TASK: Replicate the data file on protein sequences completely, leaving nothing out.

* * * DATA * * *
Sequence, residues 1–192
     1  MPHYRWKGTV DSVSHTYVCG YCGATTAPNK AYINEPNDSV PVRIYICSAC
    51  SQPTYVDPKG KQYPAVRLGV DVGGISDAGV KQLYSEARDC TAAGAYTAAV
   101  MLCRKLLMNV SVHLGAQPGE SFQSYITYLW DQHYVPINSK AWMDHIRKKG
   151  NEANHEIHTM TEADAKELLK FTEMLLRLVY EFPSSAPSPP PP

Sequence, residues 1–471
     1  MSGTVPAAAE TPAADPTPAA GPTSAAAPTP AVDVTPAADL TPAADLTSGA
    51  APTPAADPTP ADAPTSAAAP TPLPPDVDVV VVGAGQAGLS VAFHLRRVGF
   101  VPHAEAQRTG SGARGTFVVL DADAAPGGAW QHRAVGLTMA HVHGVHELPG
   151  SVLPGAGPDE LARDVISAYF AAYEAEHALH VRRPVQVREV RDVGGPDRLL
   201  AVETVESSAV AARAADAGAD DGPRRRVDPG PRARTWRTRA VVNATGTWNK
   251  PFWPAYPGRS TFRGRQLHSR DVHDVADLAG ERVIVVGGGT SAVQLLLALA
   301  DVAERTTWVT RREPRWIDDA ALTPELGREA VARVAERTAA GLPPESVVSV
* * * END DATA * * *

Sequence, residues 1–192
     1  MPHYRWKGTV DSVSHTYVCG YCGATTAPNK AYINEPNDSV PVRIYICSAC
    51  SQPTYVDPKG KQYPAVRLGV DVGGISDAGV KQLYSEARDC TAAGAYTAAV
   101  MLCRKLLMNV SVHLGAQPGE SFQSYITYLW DQHYVPINSK AWMDHIRKKG
   151  NEANHEIHTM TEADAKELLK FTEMLLRLVY EFPSSAPSPP PP

Sequence, residues 1–471
     1  MSGTVPAAAE TPAADPTPAA GPTSAAAPTP AVDVTPAADL TPAADLTSGA
    51  APTPAADPTP ADAPTSAAAP TPLPPDVDVV VVGAGQAGLS VAFHLRRVGF
   101  VPHAEAQRTG SGARGTFVVL DADAAPGGAW QHRAVGLTMA HVHGVHELPG
   151  SVLPGAGPDE LARDVISAYF AAYEAEHALH VRRPVQVREV RDVGGPDRLL
   201  AVETVESSAV AARAADAGAD DGPRRRVDPG PRARTWRTRA VVNATGTWNK
   251  PFWPAYPGRS TFRGRQLHSR DVHDVADLAG ERVIVVGGGT SAVQLLLALA
   301  DVAERTTWVT RREPRWIDDA ALTPELGREA VARVAERTAA GLPPESVVSV